There are times when the preacher looks at the lectionary readings and prefers to preach on the gospel text, but knows that would be a cop-out. This is one of those mornings. There’s a reason we have a lectionary, and it is important to preach on the readings we are given. So here goes.
I am going to suggest that there is a common theme in the lectionary readings this morning. They all deal with God’s judgment in a way that makes us uncomfortable. The uncomfortable part is that they deal with judgment in the lives of believers. This does not fit into the standard Christian narrative of creation, fall, redemption. In the standard narrative, God’s judgment applies to sinners. In the atonement, Christ takes on God’s judgment, and sinners are forgiven. Those who repent and place their faith in Christ no longer stand under God’s judgment. As Paul writes in Romans, “There is therefore no condemnation for those who are in Christ Jesus.” (Rom. 8:1)
Yet a common theme of the readings this morning is that even after redemption, judgment continues, and it is a divine judgment toward believers, of whom we should be able to say “there is no condemnation.” Despite divine grace, despite divine forgiveness, despite no condemnation, Scripture seems to speak at times as if there is judgment after all. What do the passages say?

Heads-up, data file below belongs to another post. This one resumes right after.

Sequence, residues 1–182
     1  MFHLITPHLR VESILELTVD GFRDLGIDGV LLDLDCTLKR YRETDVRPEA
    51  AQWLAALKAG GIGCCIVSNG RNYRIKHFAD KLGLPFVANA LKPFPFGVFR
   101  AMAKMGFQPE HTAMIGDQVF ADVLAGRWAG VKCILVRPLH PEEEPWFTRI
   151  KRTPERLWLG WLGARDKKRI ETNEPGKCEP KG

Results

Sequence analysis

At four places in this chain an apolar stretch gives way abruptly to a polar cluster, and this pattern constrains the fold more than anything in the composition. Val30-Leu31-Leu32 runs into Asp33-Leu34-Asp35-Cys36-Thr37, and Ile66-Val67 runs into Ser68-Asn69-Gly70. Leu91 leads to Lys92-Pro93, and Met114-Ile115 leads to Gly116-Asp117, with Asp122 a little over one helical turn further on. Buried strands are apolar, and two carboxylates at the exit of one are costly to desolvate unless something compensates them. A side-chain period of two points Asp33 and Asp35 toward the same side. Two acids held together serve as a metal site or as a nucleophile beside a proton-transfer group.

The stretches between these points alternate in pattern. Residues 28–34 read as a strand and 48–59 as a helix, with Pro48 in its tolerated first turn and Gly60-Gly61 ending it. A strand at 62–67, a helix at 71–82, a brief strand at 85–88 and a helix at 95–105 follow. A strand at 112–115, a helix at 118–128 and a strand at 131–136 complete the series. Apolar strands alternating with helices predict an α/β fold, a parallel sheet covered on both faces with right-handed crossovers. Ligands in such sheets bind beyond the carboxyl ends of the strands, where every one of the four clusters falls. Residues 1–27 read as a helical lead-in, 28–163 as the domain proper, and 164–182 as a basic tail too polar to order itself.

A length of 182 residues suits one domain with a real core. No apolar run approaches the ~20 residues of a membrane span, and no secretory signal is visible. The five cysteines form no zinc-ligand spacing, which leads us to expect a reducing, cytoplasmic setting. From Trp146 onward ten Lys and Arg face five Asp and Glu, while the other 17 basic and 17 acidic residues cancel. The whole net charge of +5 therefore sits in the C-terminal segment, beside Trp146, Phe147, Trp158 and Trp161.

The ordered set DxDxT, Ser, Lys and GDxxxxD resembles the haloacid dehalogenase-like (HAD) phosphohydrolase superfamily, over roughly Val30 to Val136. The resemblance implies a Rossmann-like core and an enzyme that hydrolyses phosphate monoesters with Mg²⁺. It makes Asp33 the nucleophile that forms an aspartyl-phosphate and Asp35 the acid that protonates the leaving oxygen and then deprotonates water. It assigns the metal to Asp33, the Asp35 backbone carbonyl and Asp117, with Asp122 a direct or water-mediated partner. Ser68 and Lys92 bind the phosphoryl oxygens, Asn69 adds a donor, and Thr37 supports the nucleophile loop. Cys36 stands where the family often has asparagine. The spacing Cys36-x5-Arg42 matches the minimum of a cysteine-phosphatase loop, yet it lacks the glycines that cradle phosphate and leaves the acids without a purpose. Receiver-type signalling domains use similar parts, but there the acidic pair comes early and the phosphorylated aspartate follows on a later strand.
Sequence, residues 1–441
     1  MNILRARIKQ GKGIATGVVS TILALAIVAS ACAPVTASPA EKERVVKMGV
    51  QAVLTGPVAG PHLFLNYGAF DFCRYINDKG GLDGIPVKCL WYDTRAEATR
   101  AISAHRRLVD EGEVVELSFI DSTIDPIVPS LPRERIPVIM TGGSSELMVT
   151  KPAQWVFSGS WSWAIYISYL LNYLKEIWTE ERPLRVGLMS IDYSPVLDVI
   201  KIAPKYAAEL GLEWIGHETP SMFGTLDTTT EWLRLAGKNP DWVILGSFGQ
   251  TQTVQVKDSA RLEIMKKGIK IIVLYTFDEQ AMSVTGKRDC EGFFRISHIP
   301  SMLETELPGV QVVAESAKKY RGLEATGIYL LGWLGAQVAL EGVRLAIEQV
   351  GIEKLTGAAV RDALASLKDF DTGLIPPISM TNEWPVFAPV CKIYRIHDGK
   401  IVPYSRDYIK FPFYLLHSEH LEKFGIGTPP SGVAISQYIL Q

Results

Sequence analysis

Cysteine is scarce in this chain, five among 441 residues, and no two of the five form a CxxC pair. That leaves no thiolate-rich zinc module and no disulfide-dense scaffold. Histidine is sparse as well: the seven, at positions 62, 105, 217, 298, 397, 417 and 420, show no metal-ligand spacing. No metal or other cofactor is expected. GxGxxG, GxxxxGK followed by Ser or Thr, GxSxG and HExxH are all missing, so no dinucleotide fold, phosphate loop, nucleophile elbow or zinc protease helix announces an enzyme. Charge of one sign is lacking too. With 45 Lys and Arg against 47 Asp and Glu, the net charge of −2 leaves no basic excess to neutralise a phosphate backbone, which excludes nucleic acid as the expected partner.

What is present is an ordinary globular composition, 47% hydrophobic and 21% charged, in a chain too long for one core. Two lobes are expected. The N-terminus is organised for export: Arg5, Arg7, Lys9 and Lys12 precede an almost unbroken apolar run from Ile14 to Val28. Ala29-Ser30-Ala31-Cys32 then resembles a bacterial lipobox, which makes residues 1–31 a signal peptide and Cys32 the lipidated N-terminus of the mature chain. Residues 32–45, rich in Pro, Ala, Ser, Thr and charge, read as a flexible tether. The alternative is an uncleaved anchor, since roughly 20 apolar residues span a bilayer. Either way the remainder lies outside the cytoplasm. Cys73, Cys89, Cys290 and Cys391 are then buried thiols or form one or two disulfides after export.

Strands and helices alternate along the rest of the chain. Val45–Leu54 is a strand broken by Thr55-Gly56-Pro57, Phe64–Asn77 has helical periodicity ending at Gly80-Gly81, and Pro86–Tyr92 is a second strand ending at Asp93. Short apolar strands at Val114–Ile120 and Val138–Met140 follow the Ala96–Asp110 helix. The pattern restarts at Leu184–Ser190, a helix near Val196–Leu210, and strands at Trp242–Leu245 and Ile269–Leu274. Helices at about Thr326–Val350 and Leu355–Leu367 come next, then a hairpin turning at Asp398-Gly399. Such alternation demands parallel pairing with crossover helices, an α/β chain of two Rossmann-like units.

In the Old Testament reading from Isaiah, the prophet speaks of a judgment on account of ongoing sin. “Behold, the Lord’s hand is not shortened that it cannot save, or his ear dull, that it cannot hear, but your iniquities have made a separation between you and your God.” (Isaiah 59:1-2) This is not a message of judgment against the nations, against those who have worshiped other gods. This is a message of judgment against those who call the Lord, the God of Israel, their God. The prophet puts himself in the place of Israel, of those who know that they stand under divine judgment: “Justice is far from us, and righteousness does not overtake us, we hope for light, and behold darkness, and for brightness, but we walk in gloom.” (59:9-10). He speaks for those who are conscious of their sin: “We hope for justice, but there is none, for salvation, but it is far from us. For our transgressions are multiplied before you, and our sins testify against us; for our transgression are with us, and we know our iniquities.” (59:12-13). (more…)